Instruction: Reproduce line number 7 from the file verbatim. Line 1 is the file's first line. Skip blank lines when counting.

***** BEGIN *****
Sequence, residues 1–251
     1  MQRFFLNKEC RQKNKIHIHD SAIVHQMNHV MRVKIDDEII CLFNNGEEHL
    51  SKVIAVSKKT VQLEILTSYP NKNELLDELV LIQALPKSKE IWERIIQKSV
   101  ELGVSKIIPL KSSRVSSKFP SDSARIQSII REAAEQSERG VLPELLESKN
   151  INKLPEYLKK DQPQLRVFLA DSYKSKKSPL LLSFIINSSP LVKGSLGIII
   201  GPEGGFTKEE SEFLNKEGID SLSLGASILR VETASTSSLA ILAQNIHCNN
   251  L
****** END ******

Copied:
   251  L